Last month, France’s lower house of parliament passed a ban on wearing any veils that cover the face, including the niqab and burqa—a similar covering that additionally conceals the eyes with a mesh panel—in public.
A short time later, Syria’s minister of higher education issued a ruling outlawing the niqab in universities across the Muslim-majority country.

There have also been bans on the hijab over the years.

Turkey first banned the headscarf in universities and public buildings in the 1980’s, however the law was not strictly enforced until 1997.

In 2004, France banned religious symbols, including the wearing of the hijab, in public primary and secondary schools.

Although the United States is not expected to follow suit, Nadia feels she has already begun to experience the effects of anti-covering sentiment spreading in her home of Lilburn, Georgia.

She says she has been denied entry into grocery stores and has been verbally harassed by strangers. Once, when she was at a gas station, she says a man a man pulled off of the road, swerved his truck in front of her pump, and took a close-up picture.

She watched him speed back out of the station and saw a large sign on the side of his vehicle advertising a website called trickledownterrorism.com. “I was so disturbed and I cried, and I couldn’t understand it. I just felt like, why would he do this?” Nadia said.

She often encounters people who tell her that her way of dress is something that Americans don’t do, that she should leave her foreign beliefs behind. As an African-American born and raised in the United States, such statements are often difficult to hear.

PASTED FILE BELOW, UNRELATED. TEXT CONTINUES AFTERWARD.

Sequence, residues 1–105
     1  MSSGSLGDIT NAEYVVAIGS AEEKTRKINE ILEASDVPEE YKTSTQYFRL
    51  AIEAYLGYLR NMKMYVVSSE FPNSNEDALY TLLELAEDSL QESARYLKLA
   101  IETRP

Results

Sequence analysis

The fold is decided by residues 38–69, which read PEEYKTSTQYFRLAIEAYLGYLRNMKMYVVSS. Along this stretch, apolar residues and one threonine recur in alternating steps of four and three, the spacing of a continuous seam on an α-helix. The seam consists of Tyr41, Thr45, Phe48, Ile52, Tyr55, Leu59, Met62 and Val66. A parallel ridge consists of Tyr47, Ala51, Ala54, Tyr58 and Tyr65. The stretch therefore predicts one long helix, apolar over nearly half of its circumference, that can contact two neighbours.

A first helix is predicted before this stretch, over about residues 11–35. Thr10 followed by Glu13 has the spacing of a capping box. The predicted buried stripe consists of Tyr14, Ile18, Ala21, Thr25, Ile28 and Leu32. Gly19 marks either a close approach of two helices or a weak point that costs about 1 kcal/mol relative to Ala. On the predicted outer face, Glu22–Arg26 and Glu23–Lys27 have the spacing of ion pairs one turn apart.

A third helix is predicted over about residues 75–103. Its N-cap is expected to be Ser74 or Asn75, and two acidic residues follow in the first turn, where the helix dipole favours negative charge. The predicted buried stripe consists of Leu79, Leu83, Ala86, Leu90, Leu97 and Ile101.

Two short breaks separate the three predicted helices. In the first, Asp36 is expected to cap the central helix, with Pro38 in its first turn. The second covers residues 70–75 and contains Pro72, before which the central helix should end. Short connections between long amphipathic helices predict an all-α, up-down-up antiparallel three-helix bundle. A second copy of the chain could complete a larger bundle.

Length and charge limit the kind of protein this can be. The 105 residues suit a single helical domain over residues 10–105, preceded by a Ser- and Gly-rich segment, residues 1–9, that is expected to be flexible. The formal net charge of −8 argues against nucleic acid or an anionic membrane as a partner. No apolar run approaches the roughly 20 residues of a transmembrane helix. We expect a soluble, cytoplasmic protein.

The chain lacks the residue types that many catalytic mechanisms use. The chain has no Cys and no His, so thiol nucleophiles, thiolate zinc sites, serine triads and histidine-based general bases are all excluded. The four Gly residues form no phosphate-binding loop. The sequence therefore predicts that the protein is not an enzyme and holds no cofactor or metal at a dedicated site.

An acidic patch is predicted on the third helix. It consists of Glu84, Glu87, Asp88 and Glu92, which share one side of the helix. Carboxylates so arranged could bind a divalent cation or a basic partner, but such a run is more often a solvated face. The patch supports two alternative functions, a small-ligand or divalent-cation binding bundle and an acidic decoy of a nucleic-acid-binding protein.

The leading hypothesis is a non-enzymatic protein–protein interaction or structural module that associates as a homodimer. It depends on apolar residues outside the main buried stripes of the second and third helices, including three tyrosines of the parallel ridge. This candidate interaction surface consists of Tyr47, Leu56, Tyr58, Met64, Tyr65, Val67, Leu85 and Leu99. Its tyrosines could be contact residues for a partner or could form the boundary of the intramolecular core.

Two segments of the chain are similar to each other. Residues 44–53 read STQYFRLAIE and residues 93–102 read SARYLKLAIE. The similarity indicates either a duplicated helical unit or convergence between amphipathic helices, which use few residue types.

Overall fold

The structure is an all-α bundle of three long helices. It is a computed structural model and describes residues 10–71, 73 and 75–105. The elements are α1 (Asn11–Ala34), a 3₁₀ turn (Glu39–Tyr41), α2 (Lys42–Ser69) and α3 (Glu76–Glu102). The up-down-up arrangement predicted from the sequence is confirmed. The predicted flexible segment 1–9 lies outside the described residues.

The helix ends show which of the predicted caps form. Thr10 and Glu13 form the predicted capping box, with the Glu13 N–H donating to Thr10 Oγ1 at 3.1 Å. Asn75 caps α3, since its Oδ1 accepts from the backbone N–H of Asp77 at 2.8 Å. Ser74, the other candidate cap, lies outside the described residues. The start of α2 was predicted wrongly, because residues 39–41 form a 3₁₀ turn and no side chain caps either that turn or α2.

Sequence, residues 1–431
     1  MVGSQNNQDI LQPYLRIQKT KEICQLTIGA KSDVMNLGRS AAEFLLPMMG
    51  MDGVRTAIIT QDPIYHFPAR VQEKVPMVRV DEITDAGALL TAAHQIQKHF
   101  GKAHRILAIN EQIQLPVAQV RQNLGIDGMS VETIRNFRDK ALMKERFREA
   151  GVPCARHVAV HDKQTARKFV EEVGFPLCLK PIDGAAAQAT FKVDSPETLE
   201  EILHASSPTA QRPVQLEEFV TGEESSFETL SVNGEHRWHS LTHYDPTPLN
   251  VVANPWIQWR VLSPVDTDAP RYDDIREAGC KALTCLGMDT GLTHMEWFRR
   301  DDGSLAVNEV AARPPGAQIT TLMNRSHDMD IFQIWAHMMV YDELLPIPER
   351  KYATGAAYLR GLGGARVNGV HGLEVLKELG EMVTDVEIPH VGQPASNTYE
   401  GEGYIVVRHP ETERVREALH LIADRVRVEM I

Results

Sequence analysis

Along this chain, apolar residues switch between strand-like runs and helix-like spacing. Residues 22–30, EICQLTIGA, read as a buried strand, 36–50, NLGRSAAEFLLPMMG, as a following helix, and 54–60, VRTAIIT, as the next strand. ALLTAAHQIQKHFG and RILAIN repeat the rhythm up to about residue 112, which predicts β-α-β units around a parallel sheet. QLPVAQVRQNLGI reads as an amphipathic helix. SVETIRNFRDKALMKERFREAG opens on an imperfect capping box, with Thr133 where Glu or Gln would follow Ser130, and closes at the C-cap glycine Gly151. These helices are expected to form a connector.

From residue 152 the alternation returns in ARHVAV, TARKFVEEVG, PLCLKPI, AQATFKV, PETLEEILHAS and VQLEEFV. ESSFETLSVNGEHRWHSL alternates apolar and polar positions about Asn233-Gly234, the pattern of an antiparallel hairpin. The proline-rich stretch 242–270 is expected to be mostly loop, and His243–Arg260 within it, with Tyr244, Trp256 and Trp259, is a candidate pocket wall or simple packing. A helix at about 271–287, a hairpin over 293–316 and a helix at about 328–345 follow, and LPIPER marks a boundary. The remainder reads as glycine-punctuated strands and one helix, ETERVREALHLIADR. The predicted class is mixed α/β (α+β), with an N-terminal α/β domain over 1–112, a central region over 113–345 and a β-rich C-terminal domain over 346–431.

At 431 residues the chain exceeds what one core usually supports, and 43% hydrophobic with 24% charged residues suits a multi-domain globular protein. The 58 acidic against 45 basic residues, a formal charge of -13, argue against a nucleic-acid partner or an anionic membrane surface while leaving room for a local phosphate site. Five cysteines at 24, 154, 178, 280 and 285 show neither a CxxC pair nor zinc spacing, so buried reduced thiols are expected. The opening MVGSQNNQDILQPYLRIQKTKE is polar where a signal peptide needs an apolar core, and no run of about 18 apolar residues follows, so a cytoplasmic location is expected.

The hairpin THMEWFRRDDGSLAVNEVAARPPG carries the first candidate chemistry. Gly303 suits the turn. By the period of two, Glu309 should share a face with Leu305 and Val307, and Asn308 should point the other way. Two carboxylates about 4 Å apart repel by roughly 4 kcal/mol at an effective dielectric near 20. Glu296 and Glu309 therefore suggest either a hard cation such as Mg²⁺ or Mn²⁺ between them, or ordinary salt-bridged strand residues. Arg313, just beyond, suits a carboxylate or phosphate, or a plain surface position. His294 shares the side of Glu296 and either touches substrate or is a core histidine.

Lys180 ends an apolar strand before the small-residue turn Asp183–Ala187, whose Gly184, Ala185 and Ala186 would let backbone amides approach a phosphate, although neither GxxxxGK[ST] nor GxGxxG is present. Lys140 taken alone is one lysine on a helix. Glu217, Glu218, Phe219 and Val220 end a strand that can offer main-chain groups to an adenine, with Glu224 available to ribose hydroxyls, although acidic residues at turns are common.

“I’ve already told someone in a store, ‘I’m from the nation’s capital, lady. I’m sorry to put it that way but please stop telling me we don’t do that here because I’m from here, and I am here. My family’s raised here, I live here...You might not do it here, but I do it here.’”

While Aliya still experiences frequent stares and often feels misunderstood by the general public, she says that wearing the hijab has also brought positive experiences, including opportunities to explain her religion and answer humorous questions.

“I think the one that always makes me laugh is, ‘Do you shower in that?’ And I always say to that, well, do you shower in your clothes? There’s your answer.”

Once, a young boy at a national park approached her and told her that she looked like the character Padme from Star Wars. She still laughs about that one.

Misconceptions

Aliya and Nadia feel that the biggest hardship they face is others’ assumptions about their beliefs.

Both say that the most common misconception about Muslim women is that they are oppressed, and that their religion views them as inferior to men.
For instance, French President Nicolas Sarkozy referred to the burqa as “a sign of subservience… a sign of lowering,” earlier this year.

Nadia disagrees.

“I’ve never seen anybody interview a Muslim woman and ask her if she’s oppressed. Or if she feels oppressed for wearing what she wears, or if she’s oppressed in her home,” said Nadia.

Aliya says that if women are oppressed, it is the fault of people and culture, not Islam.

“There’s a saying by the Prophet Mohammed, peace be upon him, that women are the equal halves of men. And from what I’ve read and studied about Islam, that’s very much how Islam views women,” she added.

Aliya says that she has never met an American Muslim woman who was forced to wear the hijab or niqab.

“I actually know more people who wear it against their parents’ wishes than unwillingly in compliance with their wishes,” she said.

To be sure, there are countries that require women to cover. Iranian law says women have to wear a hijab in public, while Saudi Arabia requires Muslim women to wear the hijab.